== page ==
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Advances in medicine are producing loads of valuable data. The challenge is to use these data efficiently. Here are six examples of how data intelligence and smart devices are saving lives.
Diagnostic computer assists emergency doctors
IBM’s Watson computer system has beaten the world’s best chess masters and the quiz wizards of the famous TV show Jeopardy. The unique strength of Watson is scanning enormous amounts of information to learn from it. Now IBM Watson Health is using this super computing power to crunch an enormous variety of medical data for better patient care. Watson analyses structured and unstructured medical imaging data, patient data, population and research data from disconnected data silos. The objective is to integrate and interpret these vital data and to make them readily available to the doctor in the operating theatre.
Smart contact lens measures blood sugar
Google X-lab has developed an intelligent contact lens for patients with diabetes. The lens measures the glucose levels by analyzing tears. In the past, diabetics had to prick their finger time and again to analyze a drop of blood. In the future they will only have to wear a contact lens. When the insulin levels fall too low, the lens will trigger an alarm to a wireless transmitter. The smart lens still requires lots of testing and medical trials before it can go to market.
Wi-Fi scale watches over heart failure patients
In a pilot project in Sjöbo, Sweden, a group of heart failure patients received Wi-Fi-enabled scales. Patients need to weigh themselves at home every day. The results are sent to their doctors automatically via a wireless data stream. Rapid weight gain is a common indicator of deterioration in heart failure patients. By using the scale at home, the patients don’t have to come in for checkups and the doctors can detect anomalies in time.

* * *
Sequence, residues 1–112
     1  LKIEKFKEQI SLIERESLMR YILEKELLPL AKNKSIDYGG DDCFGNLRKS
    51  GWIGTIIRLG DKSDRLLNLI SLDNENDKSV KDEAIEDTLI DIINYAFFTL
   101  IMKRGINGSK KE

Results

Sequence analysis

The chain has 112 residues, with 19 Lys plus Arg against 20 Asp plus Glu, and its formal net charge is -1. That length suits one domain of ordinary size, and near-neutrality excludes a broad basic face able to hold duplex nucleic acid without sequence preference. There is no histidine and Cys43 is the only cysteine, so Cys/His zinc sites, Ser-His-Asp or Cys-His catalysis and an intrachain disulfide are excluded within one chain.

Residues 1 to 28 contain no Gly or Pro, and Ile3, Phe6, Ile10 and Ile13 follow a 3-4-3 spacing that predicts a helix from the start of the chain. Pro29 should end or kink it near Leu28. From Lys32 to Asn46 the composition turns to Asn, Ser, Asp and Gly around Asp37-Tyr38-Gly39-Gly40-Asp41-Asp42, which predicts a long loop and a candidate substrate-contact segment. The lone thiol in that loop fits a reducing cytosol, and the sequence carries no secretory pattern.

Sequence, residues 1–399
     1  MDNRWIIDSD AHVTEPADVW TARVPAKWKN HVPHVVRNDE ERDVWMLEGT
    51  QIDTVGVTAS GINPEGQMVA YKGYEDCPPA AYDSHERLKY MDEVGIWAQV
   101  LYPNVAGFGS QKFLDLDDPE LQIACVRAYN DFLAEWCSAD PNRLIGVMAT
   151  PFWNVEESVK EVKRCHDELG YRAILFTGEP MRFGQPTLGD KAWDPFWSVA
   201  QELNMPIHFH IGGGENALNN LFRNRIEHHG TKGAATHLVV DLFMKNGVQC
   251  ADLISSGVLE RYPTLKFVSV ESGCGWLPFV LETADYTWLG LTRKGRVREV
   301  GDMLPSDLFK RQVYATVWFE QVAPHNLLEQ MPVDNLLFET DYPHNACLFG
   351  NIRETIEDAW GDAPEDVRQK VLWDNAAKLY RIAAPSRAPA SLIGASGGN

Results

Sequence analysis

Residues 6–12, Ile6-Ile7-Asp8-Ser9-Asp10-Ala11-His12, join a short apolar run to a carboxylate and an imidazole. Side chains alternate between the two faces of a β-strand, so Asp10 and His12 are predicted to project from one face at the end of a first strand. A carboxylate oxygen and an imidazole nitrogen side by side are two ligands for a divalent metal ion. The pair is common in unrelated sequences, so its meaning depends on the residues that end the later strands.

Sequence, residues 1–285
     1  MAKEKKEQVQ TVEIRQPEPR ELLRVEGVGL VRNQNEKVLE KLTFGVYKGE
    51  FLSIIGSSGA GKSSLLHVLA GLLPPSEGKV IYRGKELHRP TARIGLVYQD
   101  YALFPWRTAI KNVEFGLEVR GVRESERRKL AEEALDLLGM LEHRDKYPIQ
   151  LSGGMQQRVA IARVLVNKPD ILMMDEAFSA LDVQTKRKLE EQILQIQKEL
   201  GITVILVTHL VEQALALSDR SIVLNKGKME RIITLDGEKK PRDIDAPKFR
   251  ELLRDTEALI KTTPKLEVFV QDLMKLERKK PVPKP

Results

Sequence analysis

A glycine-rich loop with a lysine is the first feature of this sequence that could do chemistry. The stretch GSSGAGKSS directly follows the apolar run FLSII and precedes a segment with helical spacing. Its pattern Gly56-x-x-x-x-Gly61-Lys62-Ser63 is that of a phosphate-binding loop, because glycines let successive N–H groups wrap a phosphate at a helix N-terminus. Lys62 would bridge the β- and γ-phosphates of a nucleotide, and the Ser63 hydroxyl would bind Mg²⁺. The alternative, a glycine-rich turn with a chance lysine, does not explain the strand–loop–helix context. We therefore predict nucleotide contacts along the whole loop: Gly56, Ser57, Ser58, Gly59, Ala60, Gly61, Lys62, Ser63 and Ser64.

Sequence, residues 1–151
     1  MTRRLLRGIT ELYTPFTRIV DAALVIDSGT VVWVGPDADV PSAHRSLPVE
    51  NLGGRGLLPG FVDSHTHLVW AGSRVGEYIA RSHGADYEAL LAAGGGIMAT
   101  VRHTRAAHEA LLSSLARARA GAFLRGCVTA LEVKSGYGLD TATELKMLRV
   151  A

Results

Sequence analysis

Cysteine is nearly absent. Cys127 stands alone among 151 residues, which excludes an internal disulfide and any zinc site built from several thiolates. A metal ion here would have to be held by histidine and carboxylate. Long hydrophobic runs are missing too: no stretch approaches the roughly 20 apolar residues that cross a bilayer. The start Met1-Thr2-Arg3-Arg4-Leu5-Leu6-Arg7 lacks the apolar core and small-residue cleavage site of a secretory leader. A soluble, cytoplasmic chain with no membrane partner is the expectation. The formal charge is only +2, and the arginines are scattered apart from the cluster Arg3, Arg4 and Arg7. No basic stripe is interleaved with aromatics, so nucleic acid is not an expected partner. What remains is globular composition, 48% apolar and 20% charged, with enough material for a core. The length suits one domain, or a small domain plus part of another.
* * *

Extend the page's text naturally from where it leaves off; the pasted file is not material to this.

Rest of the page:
Assault alarm apps target helpers your way
Many types of assault alarms are available today as apps. Users allow their friends or other users of the app to trace them in real time, when the alarm is set off. When you tap the alarm button a text message or a push notification with your location is sent out to the nearest members of your safety network. The Swedish app ‘Not Alone’ triggers an alarm when the headphones are ripped out of the mobile device.
Shirt measures heartbeat
Wristbands for health and fitness scanning are popular. Google, Samsung, Microsoft and basically all of the major IT companies have launched their smart wristbands. The Swedish biometrics company MedTech West, is experimenting with similar technology implanted in regular clothing. How does your heart feel? Ask your shirt.
Sensors safeguard senior citizens’ independence
Most elderly people prefer to go on living independently in their own homes, as long as they can. But how can we protect and watch over them with full peace of mind? Smart sensors in the home can check whether older people take their medication, have a good heart rate, are sleeping well and haven’t fallen down. This enables senior citizens to live at home longer. Moreover, health care resources can be used more efficiently.